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January 6, 2017

How Democrats Plan To Sidetrack The Effort To Repeal And Replace Obamacare


Democrats have a plan to distract Republicans from repealing and replacing the Affordable Care Act. You might call it Democrats on drugs.

They know it’s unlikely they can procedurally stop the repeal and replace effort, but Democrats may be able to sidetrack Republicans by demanding that they include extraneous provisions that divide the party thereby making it more difficult, if not impossible, to pass repeal and replace legislation.

On Dec. 20, Senators Sherrod Brown (D-OH) and Al Franken (D-MN) sent a letter, co-signed by 17 other Democratic and independent senators, to President-elect Donald Trump outlining several steps they claim will control the price of prescription drugs.

It’s the usual grab bag of issues they have been demanding for years: let the secretary of the Department of Health and Human Services “negotiate”—read: dictate—drug prices; impose price controls; allow government bureaucrats to determine what it costs to develop a new drug; and open the door to importing drugs from foreign countries.

They didn’t even include those provisions in Obamacare. And it wasn’t because they would lose Republican votes, since no Republicans voted for the law.

By now Democrats surely know prescription drug importation is a failed policy. In the mid-2000s seven states and two cities created some type of importation program. But they all shut down within a few years because of cost and lack of consumer interest.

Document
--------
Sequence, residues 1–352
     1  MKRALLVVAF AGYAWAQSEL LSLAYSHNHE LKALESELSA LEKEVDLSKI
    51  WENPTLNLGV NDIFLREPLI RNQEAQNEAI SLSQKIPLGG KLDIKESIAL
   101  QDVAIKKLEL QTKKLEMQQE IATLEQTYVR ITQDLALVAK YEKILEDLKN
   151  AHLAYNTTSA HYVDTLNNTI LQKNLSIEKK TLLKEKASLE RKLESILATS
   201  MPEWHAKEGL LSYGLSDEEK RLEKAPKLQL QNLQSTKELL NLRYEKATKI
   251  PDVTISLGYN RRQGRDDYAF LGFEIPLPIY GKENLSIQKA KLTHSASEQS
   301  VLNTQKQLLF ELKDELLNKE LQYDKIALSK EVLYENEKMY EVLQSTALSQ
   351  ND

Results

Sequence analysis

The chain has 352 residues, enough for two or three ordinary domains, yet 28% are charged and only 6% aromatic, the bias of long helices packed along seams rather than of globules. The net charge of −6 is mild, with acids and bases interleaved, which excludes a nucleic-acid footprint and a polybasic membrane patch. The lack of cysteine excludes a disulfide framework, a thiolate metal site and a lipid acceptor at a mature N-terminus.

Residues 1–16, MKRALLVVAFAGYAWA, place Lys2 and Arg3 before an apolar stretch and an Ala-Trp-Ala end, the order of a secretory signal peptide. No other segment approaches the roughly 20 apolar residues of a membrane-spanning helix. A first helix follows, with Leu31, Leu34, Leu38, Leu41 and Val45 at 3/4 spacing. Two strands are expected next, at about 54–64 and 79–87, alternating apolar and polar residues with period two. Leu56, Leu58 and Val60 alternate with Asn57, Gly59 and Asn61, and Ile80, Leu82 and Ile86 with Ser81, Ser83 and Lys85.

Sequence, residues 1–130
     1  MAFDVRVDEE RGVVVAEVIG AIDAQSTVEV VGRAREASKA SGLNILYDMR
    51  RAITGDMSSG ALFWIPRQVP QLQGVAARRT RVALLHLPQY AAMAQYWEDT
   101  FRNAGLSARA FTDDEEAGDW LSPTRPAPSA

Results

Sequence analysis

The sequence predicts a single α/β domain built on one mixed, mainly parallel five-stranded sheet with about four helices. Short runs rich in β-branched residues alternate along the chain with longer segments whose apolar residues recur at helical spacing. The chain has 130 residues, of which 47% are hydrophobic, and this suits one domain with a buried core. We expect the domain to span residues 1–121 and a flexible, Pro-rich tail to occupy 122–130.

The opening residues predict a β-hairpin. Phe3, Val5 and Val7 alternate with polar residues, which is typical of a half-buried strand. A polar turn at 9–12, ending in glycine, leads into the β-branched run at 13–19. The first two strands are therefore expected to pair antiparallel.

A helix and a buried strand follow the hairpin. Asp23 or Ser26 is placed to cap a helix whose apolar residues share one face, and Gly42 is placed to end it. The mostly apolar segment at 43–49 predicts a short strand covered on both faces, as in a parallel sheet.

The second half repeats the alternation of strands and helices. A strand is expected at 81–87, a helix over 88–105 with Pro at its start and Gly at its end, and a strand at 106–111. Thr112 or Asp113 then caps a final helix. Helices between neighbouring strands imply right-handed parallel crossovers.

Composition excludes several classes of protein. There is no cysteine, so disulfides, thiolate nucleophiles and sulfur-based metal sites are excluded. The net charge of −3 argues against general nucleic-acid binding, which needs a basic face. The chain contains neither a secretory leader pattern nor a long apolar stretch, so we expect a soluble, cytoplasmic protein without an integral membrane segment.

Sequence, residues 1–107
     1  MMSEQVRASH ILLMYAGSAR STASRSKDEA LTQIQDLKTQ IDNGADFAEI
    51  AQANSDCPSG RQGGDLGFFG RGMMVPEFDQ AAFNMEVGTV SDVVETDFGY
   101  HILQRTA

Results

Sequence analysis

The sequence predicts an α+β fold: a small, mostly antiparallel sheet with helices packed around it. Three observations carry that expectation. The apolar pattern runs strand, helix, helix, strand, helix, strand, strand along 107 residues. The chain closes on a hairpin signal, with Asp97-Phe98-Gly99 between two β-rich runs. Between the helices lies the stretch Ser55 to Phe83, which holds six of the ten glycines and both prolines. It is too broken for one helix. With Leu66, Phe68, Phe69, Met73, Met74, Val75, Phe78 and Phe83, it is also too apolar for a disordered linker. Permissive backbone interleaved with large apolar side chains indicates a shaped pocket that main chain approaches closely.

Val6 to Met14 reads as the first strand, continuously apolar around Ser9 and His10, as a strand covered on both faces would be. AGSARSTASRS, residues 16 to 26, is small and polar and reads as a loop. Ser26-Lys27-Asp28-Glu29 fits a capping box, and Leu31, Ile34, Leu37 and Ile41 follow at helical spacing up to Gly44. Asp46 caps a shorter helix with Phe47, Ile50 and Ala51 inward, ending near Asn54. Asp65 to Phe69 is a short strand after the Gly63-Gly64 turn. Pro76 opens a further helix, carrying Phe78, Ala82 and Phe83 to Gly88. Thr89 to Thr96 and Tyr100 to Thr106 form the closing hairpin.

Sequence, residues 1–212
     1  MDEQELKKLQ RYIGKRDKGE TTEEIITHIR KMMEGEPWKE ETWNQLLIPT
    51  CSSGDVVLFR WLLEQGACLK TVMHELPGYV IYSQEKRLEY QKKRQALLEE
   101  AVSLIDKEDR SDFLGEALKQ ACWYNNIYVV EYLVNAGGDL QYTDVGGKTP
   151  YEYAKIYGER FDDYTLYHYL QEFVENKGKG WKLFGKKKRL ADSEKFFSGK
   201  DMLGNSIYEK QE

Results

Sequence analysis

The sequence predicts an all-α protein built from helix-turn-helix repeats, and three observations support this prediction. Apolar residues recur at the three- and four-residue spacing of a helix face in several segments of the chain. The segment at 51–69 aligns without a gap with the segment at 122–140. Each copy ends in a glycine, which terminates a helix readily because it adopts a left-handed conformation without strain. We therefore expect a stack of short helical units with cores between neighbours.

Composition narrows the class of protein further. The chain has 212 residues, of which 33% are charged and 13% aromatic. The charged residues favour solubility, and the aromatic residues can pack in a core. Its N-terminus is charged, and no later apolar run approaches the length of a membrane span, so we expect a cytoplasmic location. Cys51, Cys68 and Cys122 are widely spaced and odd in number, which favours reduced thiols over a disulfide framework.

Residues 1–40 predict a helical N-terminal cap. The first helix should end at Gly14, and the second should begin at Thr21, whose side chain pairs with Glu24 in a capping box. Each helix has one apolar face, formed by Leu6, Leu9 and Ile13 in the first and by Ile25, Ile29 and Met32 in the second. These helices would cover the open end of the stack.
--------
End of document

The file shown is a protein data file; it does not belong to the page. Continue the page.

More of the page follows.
And then there’s Maine. On Thursday, Jan. 5, a federal judge overturned Maine’s 2013 law allowing Mainers to buy prescription drugs by mail from other countries—because federal law trumps state law and federal law strictly limits importation.

Plus importation is unsafe. Counterfeiting prescription drugs is a huge and growing business. If importation becomes the law of the land, that would send a message to U.S. patients that every prescription drug website with a Canadian-flag icon on it can be trusted. Counterfeiting would explode.

In contrast to the failed drug importation schemes, Democrats know that the Part D prescription drug benefit, passed in 2003 with bipartisan support, has worked. The Congressional Budget Office reported in 2014, “A combination of broader trends in the prescription drug market and lower-than-expected enrollment in Part D has contributed to much lower spending for the program—about 50 percent lower in 2013—than CBO projected when the MMA [Medicare Modernization Act] became law in 2003.”

When was the last time a major federal program came in under budget?

But Democrats, who swore repeatedly that Obamacare would lower health insurance premiums while maintaining your right to keep your policy and your physician, now tell us they can negotiate a better deal on prescription drugs.

So Democrats want Republicans to embrace a failed policy, importation, and fundamentally change a successful one, Part D.

Here’s the point: Democrats recognize their inability to stop Obamacare repeal if Republicans are united. And so their strategy is to create disunity by demanding that Republicans pass provisions like importation, drug price negotiations and price controls that Democrats never included when they ran Washington.

Democrats passed Obamacare and it failed. Now Republicans are trying to pass something that will actually lower premiums and improve access to coverage and care. They should ignore Democratic efforts to distract them and stay focused on the issue at hand: repealing and replacing Obamacare.


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